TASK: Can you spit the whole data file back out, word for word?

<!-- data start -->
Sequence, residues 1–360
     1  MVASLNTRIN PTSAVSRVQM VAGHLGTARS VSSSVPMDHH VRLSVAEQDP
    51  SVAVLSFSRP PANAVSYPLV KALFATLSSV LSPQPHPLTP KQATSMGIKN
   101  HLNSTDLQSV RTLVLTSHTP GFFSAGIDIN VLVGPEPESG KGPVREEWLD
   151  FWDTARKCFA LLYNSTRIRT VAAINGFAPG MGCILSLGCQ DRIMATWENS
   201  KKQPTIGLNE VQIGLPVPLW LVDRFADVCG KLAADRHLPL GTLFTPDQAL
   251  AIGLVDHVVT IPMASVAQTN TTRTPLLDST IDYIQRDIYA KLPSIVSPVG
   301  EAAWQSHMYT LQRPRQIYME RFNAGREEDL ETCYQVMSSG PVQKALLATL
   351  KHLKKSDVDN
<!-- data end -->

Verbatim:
Sequence, residues 1–360
     1  MVASLNTRIN PTSAVSRVQM VAGHLGTARS VSSSVPMDHH VRLSVAEQDP
    51  SVAVLSFSRP PANAVSYPLV KALFATLSSV LSPQPHPLTP KQATSMGIKN
   101  HLNSTDLQSV RTLVLTSHTP GFFSAGIDIN VLVGPEPESG KGPVREEWLD
   151  FWDTARKCFA LLYNSTRIRT VAAINGFAPG MGCILSLGCQ DRIMATWENS
   201  KKQPTIGLNE VQIGLPVPLW LVDRFADVCG KLAADRHLPL GTLFTPDQAL
   251  AIGLVDHVVT IPMASVAQTN TTRTPLLDST IDYIQRDIYA KLPSIVSPVG
   301  EAAWQSHMYT LQRPRQIYME RFNAGREEDL ETCYQVMSSG PVQKALLATL
   351  KHLKKSDVDN